5. Star Trek – The Next Generation


Gene Roddenberry’s vision of the future has directly influenced technologists, astro physicists and astronauts in countless ways. The Next Generation Series along with the spin-off films and TV shows has moved that vision forward, but something has gone wrong with the latest generation of Captain Picard’s PADD device (which is believed to have directly inspred the iPad). Instead of having one device per crew member that all interact with the ship’s central systems there are dozens of devices floating around and being handed about amongst the crew in the same way as bits of paper would. Perhaps memory space is scarce in the Star Trek future?

4. Hitch Hiker’s Guide to the Galaxy


The eponymous book from the radio show, books, TV series and film is in my view a stunningly accurate vision of the internet in tablet form. I just love the distinctive UI of the book that was designed for the 1970s TV show.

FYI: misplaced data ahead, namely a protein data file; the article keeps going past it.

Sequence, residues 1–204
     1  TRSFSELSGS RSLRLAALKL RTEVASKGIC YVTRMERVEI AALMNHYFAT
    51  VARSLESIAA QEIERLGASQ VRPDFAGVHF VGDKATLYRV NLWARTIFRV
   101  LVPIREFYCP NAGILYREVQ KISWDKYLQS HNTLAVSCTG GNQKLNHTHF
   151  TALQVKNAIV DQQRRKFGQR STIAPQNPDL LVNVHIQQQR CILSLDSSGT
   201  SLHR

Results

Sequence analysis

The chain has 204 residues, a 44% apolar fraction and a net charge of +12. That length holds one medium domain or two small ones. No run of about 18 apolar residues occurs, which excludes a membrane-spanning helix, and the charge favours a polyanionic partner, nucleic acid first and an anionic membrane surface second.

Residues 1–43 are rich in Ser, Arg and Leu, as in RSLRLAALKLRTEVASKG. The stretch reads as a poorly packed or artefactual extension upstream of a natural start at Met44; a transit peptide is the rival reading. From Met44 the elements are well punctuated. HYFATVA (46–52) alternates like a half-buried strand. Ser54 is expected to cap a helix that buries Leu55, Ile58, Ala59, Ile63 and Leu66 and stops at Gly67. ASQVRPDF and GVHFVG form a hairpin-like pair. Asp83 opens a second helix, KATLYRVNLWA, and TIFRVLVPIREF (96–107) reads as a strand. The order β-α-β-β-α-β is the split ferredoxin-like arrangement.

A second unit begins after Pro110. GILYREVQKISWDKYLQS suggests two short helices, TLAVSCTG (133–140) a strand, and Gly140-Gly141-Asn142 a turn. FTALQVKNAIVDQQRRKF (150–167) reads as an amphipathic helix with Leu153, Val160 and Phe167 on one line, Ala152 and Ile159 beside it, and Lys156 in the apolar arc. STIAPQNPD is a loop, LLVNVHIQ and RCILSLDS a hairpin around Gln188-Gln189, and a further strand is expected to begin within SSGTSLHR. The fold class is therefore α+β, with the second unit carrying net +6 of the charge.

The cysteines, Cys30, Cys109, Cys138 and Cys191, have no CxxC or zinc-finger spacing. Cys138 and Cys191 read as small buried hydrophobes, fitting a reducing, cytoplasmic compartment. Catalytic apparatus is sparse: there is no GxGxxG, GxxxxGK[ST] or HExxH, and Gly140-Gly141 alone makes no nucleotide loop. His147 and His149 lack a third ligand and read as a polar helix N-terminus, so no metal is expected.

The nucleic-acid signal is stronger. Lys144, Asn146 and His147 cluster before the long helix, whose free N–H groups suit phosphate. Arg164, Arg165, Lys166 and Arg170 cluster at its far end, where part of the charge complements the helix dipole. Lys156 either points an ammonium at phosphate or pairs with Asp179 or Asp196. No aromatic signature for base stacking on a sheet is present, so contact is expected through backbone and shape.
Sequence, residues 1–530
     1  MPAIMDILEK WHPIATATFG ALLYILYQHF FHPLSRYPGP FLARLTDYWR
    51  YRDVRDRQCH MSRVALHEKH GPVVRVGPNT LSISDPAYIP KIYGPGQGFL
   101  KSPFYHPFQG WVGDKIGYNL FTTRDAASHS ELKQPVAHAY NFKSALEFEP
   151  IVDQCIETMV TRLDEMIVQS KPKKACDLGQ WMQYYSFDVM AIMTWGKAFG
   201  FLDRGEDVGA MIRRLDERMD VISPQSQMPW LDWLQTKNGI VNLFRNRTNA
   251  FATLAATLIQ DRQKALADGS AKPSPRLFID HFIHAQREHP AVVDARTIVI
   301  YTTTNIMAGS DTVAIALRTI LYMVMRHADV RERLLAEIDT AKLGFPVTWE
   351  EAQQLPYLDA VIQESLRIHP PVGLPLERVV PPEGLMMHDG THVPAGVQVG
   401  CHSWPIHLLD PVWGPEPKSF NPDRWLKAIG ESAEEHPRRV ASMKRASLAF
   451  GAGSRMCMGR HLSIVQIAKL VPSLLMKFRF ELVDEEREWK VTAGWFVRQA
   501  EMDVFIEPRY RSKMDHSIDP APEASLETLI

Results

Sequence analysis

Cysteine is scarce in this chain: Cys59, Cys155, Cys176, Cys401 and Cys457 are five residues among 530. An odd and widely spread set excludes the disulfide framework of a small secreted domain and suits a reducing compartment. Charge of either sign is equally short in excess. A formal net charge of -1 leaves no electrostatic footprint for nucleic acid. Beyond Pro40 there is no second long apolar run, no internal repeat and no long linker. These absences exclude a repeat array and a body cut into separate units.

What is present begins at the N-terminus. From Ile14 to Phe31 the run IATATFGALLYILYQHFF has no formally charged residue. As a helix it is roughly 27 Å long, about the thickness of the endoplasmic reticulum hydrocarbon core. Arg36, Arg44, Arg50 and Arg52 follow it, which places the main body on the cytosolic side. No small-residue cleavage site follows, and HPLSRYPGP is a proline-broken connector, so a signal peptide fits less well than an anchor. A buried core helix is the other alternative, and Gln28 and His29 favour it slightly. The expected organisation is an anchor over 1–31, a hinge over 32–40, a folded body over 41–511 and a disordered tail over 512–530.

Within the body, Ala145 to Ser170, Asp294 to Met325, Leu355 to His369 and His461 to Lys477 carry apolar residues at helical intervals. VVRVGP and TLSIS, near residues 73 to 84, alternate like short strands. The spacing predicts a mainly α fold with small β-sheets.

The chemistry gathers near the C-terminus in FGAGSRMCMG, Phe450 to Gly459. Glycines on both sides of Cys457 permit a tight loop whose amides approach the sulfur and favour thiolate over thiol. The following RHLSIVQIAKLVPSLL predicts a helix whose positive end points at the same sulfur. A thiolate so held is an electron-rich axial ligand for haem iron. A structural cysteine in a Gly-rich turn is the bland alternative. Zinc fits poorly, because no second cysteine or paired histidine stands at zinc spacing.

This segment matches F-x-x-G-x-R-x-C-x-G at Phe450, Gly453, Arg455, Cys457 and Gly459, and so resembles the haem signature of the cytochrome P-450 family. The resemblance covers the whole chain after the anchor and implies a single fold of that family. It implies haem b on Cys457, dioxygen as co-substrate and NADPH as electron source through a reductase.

3. Caprica

The short-lived Battlestar Galactica spin-off series featured a personal favourite device of mine. This ePaper device could be folded away just like a piece of paper. In this particular future vision tablets become ultra-thin and ultra-portable.

2. Star Trek – The Original Series

The Daddy of sci-fi tablet devices, Captain Kirk’s PADD featured a handy stylus for signing off what I have always assumed were invoice approvals for the ship’s finance department.

1. 2001 – A Space Odyssey

Stanley Kubrick’s 1968 vision of what is now the past fleetingly gave us a glimpse of the tablets we should have been using 11 years ago. These media tablets look remarkably like the Apple iPad. So much so that Samsung actually used this image as a legal argument in court that Apple did not invent the tablet.

So there you have it. My Top 10 list of Science Fictions best tablet devices. Have I missed your favourite and which device is the most accurate future vision? Let me know what you think or contact us if you want to know how we think tablets could be used in the very near future in your own organisation.